1 - Lesson 1: Assessing Cybersecurity Risk
Topic A: Identify the Importance of Risk ManagementTopic B: Assess RiskTopic C: Mitigate RiskTopic D: Integrate Documentation into Risk Management
2 - Lesson 2: Analyzing the Threat Landscape
Topic A: Classify ThreatsTopic B: Analyze Trends Affecting Security Posture
3 - Lesson 3: Analyzing Reconnaissance Threats to Computing and Network Environments
Topic A: Implement Threat ModelingTopic B: Assess the Impact of ReconnaissanceTopic C: Assess the Impact of Social Engineering
4 - Lesson 4: Analyzing Attacks on Computing and Network Environments
Topic A: Assess the Impact of System Hacking AttacksTopic B: Assess the Impact of Web-Based AttacksTopic C: Assess the Impact of MalwareTopic D: Assess the Impact of Hijacking and Impersonation AttacksTopic E: Assess the Impact of DoS IncidentsTopic F: Assess the Impact of Threats to Mobile SecurityTopic G: Assess the Impact of Threats to Cloud Security
5 - Lesson 5: Analyzing Post-Attack Techniques
Topic A: Assess Command and Control TechniquesTopic B: Assess Persistence TechniquesTopic C: Assess Lateral Movement and Pivoting TechniquesTopic D: Assess Data Exfiltration TechniquesTopic E: Assess Anti-Forensics Techniques
6 - Lesson 6: Assessing the Organization's Security Posture
Topic A: Implement Cybersecurity AuditingTopic B: Implement a Vulnerability Management PlanTopic C: Assess VulnerabilitiesTopic D: Conduct Penetration Testing
7 - Lesson 7: Collecting Cybersecurity Intelligence
Topic A: Deploy a Security Intelligence Collection and Analysis PlatformTopic B: Collect Data from Network-Based Intelligence SourcesTopic C: Collect Data from Host-Based Intelligence Sources
8 - Lesson 8: Analyzing Log Data
Topic A: Use Common Tools to Analyze LogsTopic B: Use SIEM Tools for Analysis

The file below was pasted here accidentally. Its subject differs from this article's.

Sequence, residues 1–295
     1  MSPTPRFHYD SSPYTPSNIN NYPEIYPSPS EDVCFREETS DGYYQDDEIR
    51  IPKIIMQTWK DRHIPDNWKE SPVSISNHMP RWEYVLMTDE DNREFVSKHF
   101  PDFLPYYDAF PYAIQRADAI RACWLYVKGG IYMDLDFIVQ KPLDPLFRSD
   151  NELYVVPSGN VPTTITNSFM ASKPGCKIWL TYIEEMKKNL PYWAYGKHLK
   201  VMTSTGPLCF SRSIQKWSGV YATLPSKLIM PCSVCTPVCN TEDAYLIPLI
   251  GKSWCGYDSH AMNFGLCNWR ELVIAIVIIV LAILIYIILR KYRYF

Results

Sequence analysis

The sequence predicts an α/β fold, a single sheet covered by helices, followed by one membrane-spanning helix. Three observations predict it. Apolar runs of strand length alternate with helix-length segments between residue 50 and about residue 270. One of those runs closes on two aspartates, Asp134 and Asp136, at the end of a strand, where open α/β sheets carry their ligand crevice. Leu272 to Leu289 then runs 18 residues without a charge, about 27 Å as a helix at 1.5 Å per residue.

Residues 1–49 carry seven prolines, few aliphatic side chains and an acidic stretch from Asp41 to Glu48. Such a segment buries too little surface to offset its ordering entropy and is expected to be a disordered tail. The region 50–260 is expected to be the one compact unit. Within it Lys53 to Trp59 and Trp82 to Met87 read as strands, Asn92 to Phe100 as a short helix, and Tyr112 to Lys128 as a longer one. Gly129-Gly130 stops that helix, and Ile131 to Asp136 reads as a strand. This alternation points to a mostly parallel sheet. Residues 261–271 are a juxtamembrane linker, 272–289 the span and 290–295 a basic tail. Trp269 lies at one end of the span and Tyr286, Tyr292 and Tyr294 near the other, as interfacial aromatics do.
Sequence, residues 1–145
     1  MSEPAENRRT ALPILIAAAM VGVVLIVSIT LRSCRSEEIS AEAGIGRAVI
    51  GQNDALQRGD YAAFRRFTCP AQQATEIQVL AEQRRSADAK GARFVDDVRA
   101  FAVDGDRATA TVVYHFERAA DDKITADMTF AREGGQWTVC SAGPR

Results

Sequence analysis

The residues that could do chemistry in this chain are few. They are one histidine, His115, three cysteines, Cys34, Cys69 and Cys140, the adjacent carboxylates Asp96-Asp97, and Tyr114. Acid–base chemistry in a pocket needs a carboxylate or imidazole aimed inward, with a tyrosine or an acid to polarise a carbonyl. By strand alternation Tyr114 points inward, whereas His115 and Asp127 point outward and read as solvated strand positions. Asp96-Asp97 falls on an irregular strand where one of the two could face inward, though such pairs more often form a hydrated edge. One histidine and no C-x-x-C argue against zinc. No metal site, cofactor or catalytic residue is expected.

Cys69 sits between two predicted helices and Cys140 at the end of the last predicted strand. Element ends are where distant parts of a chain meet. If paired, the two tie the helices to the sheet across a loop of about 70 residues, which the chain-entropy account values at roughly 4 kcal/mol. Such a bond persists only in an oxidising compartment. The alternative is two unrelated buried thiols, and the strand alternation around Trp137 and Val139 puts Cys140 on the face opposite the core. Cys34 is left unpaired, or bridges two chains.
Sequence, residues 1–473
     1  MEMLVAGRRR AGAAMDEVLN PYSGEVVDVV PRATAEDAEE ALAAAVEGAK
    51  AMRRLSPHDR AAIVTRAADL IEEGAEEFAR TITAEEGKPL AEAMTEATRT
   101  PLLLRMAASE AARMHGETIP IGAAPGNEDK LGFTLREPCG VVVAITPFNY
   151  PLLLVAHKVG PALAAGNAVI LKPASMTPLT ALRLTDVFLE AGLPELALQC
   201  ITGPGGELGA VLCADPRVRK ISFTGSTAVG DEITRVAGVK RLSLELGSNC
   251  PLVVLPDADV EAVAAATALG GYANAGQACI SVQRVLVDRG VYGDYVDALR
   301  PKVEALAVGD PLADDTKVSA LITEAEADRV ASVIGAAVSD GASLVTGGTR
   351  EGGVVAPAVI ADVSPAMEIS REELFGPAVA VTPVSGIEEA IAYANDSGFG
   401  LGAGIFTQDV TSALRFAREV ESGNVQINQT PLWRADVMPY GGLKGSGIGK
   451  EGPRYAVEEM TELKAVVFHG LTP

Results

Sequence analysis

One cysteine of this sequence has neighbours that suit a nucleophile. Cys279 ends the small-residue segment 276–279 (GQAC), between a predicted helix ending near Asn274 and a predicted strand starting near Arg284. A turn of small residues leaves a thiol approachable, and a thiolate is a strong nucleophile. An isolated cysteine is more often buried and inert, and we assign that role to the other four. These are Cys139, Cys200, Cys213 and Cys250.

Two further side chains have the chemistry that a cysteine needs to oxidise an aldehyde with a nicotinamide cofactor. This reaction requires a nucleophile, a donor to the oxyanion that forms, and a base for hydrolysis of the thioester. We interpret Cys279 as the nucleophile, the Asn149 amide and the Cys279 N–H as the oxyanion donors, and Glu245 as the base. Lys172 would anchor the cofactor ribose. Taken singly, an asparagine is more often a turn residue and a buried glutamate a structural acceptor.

9 - Lesson 9: Performing Active Asset and Network Analysis
Topic A: Analyze Incidents with Windows-Based ToolsTopic B: Analyze Incidents with Linux-Based ToolsTopic C: Analyze Indicators of Compromise
10 - Lesson 10: Responding to Cybersecurity Incidents
Topic A: Deploy an Incident Handling and Response ArchitectureTopic B: Mitigate IncidentsTopic C: Hand Over Incident Information to a Forensic Investigation
11 - Lesson 11: Investigating Cybersecurity Incidents
Topic A: Apply a Forensic Investigation PlanTopic B: Securely Collect and Analyze Electronic EvidenceTopic C: Follow Up on the Results of an Investigation
Actual course outline may vary depending on offering center. Contact your sales representative for more information.
Who is it For?
This course is designed primarily for cybersecurity practitioners preparing for or who currently perform job functions related to protecting information systems by ensuring their availability, integrity, authentication, confidentiality, and non-repudiation. It is ideal for those roles within federal contracting companies and private sector firms whose mission or strategic objectives require the execution of Defensive Cyber Operations (DCO) or DoD Information Network (DoDIN) operation and incident handling. This course focuses on the knowledge, ability, and skills necessary to provide for the defense of those information systems in a cybersecurity context, including protection, detection, analysis, investigation, and response processes.
To ensure your success in this course, you should meet the following requirements:
At least two years (recommended) of experience or education in computer network security technology or a related field.
The ability or curiosity to recognize information security vulnerabilities and threats in the context of risk management.
Foundational knowledge of the concepts and operational framework of common assurance safeguards in network environments. Safeguards include, but are not limited to, firewalls, intrusion prevention systems, and VPNs.
General knowledge of the concepts and operational framework of common assurance safeguards in computing environments. Safeguards include, but are not limited to, basic authentication and authorization, resource permissions, and anti-malware mechanisms.
Foundation-level skills with some of the common operating systems for computing environments.
Entry-level understanding of some of the common concepts for network environments, such as routing and switching.
General or practical knowledge of major TCP/IP networking protocols, including, but not limited to, TCP, IP, UDP, DNS, HTTP, ARP, ICMP, and DHCP.